The old notion that pain is somehow "good" for you should be put to rest for good, say health officials. They are increasingly recognizing that control of pain leads to more rapid recovery for hospitalized patients, and can even cut costs.
While pain can function as the body's alarm that something is wrong, it can also be counterproductive, says Dr. Lynn Webster, who directs the Lifetree Clinical Research and Pain Clinic in Salt Lake City.
"Most of us just want to lie there, because if we move after an operation or major trauma, it hurts. So, it does seem intuitive that's the thing to do so we can heal," Webster says.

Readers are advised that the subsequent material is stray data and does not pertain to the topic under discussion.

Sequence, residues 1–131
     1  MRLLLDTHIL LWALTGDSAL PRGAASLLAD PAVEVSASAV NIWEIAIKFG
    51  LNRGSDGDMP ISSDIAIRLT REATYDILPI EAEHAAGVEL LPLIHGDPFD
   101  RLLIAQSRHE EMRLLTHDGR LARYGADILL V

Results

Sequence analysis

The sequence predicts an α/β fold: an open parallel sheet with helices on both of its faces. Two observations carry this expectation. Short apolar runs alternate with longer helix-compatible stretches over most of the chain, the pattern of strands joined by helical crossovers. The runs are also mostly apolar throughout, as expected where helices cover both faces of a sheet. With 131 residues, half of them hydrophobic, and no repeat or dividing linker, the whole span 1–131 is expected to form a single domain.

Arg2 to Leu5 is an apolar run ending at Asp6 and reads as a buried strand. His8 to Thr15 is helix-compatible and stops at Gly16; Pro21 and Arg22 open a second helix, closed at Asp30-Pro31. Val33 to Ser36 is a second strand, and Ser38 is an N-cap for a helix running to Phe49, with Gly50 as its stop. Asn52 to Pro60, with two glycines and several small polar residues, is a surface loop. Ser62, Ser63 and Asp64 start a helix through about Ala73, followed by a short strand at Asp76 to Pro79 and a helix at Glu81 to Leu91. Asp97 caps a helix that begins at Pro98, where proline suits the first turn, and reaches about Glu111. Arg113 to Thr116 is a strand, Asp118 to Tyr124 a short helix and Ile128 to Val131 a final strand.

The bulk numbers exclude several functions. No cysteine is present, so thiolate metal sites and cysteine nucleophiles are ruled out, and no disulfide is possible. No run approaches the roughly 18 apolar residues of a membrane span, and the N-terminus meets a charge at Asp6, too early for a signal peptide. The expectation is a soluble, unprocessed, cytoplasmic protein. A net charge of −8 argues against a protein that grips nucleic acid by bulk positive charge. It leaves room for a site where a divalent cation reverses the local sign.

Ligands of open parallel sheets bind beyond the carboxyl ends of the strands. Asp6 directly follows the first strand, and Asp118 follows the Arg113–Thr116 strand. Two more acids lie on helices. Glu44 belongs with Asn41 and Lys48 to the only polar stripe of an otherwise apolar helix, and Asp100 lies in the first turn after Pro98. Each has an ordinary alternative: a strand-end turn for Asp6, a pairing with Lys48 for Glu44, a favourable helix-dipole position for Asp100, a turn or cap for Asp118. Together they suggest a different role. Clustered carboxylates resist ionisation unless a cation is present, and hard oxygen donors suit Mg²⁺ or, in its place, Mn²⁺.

But when patients just lie there, Webster says they're putting themselves at risk. "Patients who have good post-op pain control are able to breathe better," says Webster. Deep breaths can prevent the development of pneumonia, which can lead to sepsis and, in severe cases, require that patients be put on a ventilator. If patients can get up and walk fairly quickly after a procedure, then they also decrease their risk of blood clots in the legs which, in some cases, can be fatal.